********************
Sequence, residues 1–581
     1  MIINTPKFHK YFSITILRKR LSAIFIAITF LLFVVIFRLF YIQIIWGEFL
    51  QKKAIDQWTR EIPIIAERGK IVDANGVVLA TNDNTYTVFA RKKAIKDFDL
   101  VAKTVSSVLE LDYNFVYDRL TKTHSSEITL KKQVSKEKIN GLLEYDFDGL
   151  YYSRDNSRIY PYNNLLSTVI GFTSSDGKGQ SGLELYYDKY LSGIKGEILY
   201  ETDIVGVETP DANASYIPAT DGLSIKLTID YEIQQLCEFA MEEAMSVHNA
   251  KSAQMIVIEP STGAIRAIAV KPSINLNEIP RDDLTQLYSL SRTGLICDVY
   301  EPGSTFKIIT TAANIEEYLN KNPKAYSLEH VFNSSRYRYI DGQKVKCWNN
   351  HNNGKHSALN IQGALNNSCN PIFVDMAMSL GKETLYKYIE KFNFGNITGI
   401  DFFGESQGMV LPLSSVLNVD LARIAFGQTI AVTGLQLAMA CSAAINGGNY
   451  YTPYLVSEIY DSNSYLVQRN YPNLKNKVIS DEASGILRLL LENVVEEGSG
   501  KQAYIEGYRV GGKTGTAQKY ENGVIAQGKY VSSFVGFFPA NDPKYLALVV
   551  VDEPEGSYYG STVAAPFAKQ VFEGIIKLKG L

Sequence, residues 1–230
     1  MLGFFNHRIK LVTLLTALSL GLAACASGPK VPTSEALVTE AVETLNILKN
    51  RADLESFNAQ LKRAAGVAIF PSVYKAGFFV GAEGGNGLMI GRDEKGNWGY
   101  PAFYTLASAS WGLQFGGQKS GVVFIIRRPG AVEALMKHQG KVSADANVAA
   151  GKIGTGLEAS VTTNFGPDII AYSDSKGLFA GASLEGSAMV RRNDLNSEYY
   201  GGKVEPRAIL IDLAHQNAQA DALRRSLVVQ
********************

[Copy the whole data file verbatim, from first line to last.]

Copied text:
Sequence, residues 1–581
     1  MIINTPKFHK YFSITILRKR LSAIFIAITF LLFVVIFRLF YIQIIWGEFL
    51  QKKAIDQWTR EIPIIAERGK IVDANGVVLA TNDNTYTVFA RKKAIKDFDL
   101  VAKTVSSVLE LDYNFVYDRL TKTHSSEITL KKQVSKEKIN GLLEYDFDGL
   151  YYSRDNSRIY PYNNLLSTVI GFTSSDGKGQ SGLELYYDKY LSGIKGEILY
   201  ETDIVGVETP DANASYIPAT DGLSIKLTID YEIQQLCEFA MEEAMSVHNA
   251  KSAQMIVIEP STGAIRAIAV KPSINLNEIP RDDLTQLYSL SRTGLICDVY
   301  EPGSTFKIIT TAANIEEYLN KNPKAYSLEH VFNSSRYRYI DGQKVKCWNN
   351  HNNGKHSALN IQGALNNSCN PIFVDMAMSL GKETLYKYIE KFNFGNITGI
   401  DFFGESQGMV LPLSSVLNVD LARIAFGQTI AVTGLQLAMA CSAAINGGNY
   451  YTPYLVSEIY DSNSYLVQRN YPNLKNKVIS DEASGILRLL LENVVEEGSG
   501  KQAYIEGYRV GGKTGTAQKY ENGVIAQGKY VSSFVGFFPA NDPKYLALVV
   551  VDEPEGSYYG STVAAPFAKQ VFEGIIKLKG L

Sequence, residues 1–230
     1  MLGFFNHRIK LVTLLTALSL GLAACASGPK VPTSEALVTE AVETLNILKN
    51  RADLESFNAQ LKRAAGVAIF PSVYKAGFFV GAEGGNGLMI GRDEKGNWGY
   101  PAFYTLASAS WGLQFGGQKS GVVFIIRRPG AVEALMKHQG KVSADANVAA
   151  GKIGTGLEAS VTTNFGPDII AYSDSKGLFA GASLEGSAMV RRNDLNSEYY
   201  GGKVEPRAIL IDLAHQNAQA DALRRSLVVQ